Top 5 X-Men Video Games Released in the 2000s

March 2, 2017

The X-Men franchise is one of the most popular properties in the world. Aside from comic books, it is also well-represented in other forms of media, with numerous animated television shows and live-action movies under its belt. However, there’s one area that it has yet to truly conquer: video games. Sure, there have been dozens of X-Men video games over the years. But only a handful of them really stands out. And when you narrow it down to X-Men video games released since 2000, the list of successful titles grows shorter. Here are 5 X-Men video games released since the turn of the millennium that are worth playing more than an hour or two.

   

5. X2: Wolverine’s Revenge

X2: Wolverine’s Revenge is an action game released back in 2003. As its title suggests, the only playable character in the game is Wolverine, although Professor X acts as a support NPC. The gameplay centers on Wolverine slicing and dicing his way through the Weapon X facility where he had his body injected with adamantium. Perhaps the most notable aspect of the game is Wolverine’s voice actor, who is none other than Star Wars legend himself Mark Hamill.

4. X-Men: The Official Game

X-Men: The Official Game is a video game tie-in to X-Men: The Last Stand. It was originally released in 2006 and features a generic action gameplay where you simply beat the crap out of enemies. You can play as three X-Men characters in the game: Wolverine, Nightcrawler, and Iceman. All of whom are decked out in their movie costumes. Magneto and Colossus are also playable characters in the Nintendo DS and Game Boy Advance versions of the game, respectively. In case you’re still wondering why Nightcrawler was inexplicably absent in The Last Stand, the game offers an explanation.

3. X-Men: Next Dimension

X-Men: Next Dimension is the third installment in the X-Men: Mutant Academy series of fighting games. There are more than 20 playable characters in the game, not exactly an eye-popping number compared to the Marvel vs. Capcom games, but more than enough to add replay value. The gameplay is pretty much what you would expect from a fighting game: Use a combination of regular attacks and special attacks to whittle down your opponent’s health. The highlight of the game is the elaborate combo system, which can be used to quickly dispose of opponents if done correctly.

2. X-Men Legends II: Rise of Apocalypse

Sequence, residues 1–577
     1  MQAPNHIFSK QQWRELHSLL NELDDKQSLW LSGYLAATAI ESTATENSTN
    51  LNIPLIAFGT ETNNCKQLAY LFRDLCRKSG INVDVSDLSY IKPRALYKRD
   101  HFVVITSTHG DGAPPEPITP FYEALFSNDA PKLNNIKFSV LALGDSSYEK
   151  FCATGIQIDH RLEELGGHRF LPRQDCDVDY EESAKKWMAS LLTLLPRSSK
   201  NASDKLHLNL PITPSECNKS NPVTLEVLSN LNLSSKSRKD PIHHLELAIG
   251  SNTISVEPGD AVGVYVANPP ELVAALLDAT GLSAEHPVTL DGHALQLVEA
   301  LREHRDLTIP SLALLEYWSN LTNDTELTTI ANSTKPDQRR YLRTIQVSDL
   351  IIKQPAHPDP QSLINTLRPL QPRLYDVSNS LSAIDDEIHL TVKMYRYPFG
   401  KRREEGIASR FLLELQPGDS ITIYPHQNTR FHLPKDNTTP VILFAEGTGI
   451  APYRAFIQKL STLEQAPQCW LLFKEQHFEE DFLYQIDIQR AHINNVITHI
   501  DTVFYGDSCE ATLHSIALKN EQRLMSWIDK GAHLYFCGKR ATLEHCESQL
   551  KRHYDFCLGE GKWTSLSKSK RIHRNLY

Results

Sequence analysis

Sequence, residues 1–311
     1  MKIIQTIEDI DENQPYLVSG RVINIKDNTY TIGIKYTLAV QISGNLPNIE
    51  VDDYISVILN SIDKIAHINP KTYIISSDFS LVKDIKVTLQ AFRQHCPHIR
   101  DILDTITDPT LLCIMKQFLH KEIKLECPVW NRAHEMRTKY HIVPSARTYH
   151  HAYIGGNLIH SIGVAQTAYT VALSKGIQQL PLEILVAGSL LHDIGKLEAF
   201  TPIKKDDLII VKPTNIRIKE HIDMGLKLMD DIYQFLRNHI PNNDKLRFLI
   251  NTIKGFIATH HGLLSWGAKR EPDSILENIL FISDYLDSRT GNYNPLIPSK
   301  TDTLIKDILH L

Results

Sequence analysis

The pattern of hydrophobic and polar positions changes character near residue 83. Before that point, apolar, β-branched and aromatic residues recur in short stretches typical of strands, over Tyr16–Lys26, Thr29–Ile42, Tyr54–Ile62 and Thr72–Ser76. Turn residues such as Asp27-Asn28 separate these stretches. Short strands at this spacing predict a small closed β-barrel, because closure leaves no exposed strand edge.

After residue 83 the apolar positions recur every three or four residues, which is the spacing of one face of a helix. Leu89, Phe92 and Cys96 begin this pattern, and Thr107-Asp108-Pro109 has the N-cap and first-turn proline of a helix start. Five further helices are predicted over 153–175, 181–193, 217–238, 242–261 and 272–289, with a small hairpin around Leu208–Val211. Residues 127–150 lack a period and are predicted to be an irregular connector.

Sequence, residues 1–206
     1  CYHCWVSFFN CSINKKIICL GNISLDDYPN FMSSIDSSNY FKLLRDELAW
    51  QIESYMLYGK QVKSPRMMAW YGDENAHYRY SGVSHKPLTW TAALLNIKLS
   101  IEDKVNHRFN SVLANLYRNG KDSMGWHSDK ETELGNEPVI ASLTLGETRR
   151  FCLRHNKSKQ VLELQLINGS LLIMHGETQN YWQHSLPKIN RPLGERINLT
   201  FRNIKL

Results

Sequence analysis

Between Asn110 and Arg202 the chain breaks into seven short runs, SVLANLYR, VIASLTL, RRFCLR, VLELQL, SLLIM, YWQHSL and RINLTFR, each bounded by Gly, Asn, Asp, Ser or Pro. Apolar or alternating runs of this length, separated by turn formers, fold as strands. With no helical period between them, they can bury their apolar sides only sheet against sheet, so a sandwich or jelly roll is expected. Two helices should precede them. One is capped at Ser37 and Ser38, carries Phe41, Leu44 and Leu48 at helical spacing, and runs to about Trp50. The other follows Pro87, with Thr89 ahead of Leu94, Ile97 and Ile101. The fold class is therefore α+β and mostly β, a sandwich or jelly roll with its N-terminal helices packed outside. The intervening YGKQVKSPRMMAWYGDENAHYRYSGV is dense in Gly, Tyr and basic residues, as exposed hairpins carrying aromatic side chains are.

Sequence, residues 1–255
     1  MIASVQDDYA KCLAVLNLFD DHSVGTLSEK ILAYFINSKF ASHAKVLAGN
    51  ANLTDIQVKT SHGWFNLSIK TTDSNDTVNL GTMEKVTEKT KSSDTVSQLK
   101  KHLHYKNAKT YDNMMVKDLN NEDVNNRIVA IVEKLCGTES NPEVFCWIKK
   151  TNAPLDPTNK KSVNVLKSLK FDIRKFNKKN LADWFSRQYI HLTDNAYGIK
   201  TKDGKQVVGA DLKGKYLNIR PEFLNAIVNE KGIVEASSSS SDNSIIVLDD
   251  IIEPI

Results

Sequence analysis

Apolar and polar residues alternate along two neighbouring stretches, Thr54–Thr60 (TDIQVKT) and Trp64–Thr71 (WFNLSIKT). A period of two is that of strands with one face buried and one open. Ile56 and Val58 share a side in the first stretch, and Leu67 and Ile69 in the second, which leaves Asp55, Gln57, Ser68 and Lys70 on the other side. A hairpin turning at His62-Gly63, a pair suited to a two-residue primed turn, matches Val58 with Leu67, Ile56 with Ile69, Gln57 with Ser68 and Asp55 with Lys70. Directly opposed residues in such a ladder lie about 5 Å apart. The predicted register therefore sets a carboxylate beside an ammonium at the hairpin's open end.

X-Men Legends II: Rise of Apocalypse is an action-RPG considered as a precursor to Marvel Ultimate Alliance and eventually Marvel Ultimate Alliance 2, which is seen by many as one of the best superhero video games created. It was originally released for sixth-gen consoles back in 2005. In the game, you can control up to four X-Men characters as you go through missions to advance the plot. Being an RPG hybrid, it features elements such as EXP and skill customization. Playable characters include X-Men staples Cyclops, Wolverine, Storm, and Jean Grey, along with villains like Magneto, Toad, and Juggernaut.

1. X-Men Origins: Wolverine

X-Men Origins: Wolverine is a hack-and-slash video game based on the hated X-Men movie of the same name. It doesn’t follow the movie’s story down to the last detail, though, which is a good thing. It was published by Activision in 2009, the same year the movie was released, and is available on PS3, Xbox 360, and PC. X-Men Origins: Wolverine is basically God of War, but with Wolverine as the playable character. Obviously, it isn’t set in ancient Greece. The premise is simple: Plow through everything in your path using a combination of Wolverine’s brutal claw attacks and leave a trail of blood.

If you’re yearning for more X-Men video game action, you can always dive into titles which feature X-Men characters alongside other Marvel characters. You can go with Marvel Ultimate Alliance 2, which was recently re-released on PC, PS4, and Xbox One. Or you can go the “small screen” route and play the mobile game Marvel: Future Fight.


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Pio is a full-time freelance writer with a lifelong love for video games. He is an enthusiast of JRPGs, turn-based strategy games, and other boring games where 95 percent of the gameplay is reading dialogues and navigating menus.